War elephants had tactical weaknesses which the enemy forces often exploited. Elephants had a tendency to panic after sustaining painful wounds or when their mahout was killed. They would run amok, indiscriminately causing casualties as they sought escape. Their panicked retreat could inflict heavy losses on either side.


In the late 15th century, with the advancement of gunpowder warfare, the balance began to shift. While muskets had limited impact on elephants, cannon fire was a different matter entirely.


The bullhook (angkus) is traditionally used by the mahouts to keep the animal under control and to heed their command. It is often used on sensitive areas of the body such as behind the ears where the skin is paper thin, around the eyes  where the skin is also very thin, and on the feet, trunk and around the mouth which are highly enervated. These areas are all extremely sensitive to the touch.

Elephants are keen social learners and  learn things from watching or listening to others. Consequently, when an elephant is jabbed or poked with a bullhook this action has negative psychological consequences not only for the individual elephant receiving the prod, but also for those around it.


If you have watched the movie ‘Saraswathy Sabatham’ you would have seen the princess ordering Sivaji Ganesan to be executed using an elephant. Well, this actually used by kings. Execution by elephant was a common method of capital punishment. Elephants were used to crush, dismember or torture captives in public executions. The animals were trained and versatile, able to kill victims immediately or to torture them slowly over a prolonged period. Most commonly employed by royalty, the elephants were used to signify both the ruler’s absolute power and his ability to control wild animals.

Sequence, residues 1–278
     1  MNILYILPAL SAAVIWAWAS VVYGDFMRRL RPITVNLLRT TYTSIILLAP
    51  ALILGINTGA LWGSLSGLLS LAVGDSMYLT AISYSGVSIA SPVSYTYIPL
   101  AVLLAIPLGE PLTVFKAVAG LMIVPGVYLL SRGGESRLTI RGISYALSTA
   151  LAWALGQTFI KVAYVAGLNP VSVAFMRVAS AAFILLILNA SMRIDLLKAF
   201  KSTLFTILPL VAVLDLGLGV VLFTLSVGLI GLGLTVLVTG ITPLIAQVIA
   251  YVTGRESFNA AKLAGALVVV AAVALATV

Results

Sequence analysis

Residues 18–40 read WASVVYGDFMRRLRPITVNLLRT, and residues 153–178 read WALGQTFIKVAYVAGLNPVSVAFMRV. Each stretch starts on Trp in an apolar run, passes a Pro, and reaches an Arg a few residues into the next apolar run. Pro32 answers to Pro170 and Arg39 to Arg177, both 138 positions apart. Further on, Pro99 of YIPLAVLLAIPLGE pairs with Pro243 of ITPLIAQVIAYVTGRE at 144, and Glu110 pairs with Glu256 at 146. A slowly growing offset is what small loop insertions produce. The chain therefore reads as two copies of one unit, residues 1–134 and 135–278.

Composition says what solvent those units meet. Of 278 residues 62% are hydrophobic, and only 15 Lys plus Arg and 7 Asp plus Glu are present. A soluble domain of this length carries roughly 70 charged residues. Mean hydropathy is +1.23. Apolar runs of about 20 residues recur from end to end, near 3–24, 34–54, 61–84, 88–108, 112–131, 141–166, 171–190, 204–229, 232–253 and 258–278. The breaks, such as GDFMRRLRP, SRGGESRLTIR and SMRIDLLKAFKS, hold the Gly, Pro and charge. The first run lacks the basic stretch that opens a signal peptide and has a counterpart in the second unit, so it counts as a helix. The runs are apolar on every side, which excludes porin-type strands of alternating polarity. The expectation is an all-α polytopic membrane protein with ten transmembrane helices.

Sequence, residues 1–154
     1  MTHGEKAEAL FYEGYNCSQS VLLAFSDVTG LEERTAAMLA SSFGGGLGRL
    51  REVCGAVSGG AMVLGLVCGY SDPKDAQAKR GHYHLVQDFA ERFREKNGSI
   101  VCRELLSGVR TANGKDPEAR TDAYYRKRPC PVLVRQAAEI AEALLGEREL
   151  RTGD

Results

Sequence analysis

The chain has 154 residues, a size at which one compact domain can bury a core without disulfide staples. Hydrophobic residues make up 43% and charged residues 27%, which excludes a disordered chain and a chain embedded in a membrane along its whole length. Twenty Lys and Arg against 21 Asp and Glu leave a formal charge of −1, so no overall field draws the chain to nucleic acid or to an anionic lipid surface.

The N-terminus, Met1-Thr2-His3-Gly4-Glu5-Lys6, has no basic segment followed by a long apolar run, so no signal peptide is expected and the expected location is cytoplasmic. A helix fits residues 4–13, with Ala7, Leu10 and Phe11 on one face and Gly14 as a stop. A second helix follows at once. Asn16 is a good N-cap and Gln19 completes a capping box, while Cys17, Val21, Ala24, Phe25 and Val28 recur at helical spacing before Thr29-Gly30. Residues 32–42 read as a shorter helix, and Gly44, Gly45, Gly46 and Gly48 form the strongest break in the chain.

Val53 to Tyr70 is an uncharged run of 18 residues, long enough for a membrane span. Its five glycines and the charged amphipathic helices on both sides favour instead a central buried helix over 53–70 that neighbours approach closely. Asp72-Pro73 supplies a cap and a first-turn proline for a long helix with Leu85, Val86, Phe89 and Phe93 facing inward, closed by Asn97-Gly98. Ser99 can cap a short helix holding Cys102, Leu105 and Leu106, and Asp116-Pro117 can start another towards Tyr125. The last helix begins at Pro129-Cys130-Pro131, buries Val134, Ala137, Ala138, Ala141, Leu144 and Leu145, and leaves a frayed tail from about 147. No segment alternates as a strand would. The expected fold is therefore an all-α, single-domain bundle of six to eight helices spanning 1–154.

Though it has become common these days to read about elephants breaching into agricultural fields, it is said back in those days these animals were actually used for dehusking of crops.


Elephants are also keystone species, playing an important role in maintaining the biodiversity of the ecosystems in which they live, so it is important to preserve them.


Now that our elephant tale has come to an end, we will now shift our focus to a carnivores, specifically a cat, the biggest of them all – The Tiger. Watch this space on 18 August to know the role of a tiger in the ecosystem.


The largest Indian elephant was 3.43 metres (11.3 ft) high at the shoulder. Named Raja Gaj, the bull went missing from his habitat in southwestern Nepal in December 2007 and was never seen again. He was estimated to be 70 years old at the time of his disappearance.

* India was the first and last nation to use elephant in battle. Third battle of Panipat in 1761 is the last recorded battled  to use elephant warfare.
* South Indian elephants and those from Sri Lanka were the most prized in battles as they were the most fierce.
*  In India, the Chola dynasty and Western Chalukya Empire maintained a large number of war elephants in the 11th and 12th century.
* The chief architect of Thanjavur Periyakoil (1002 CE), Rajaraja  Perunthatchan, was given the title Kunjaramallan, meaning elephant wrangler. He was a master elephant trainer and used them in the massive construction project of Big Temple.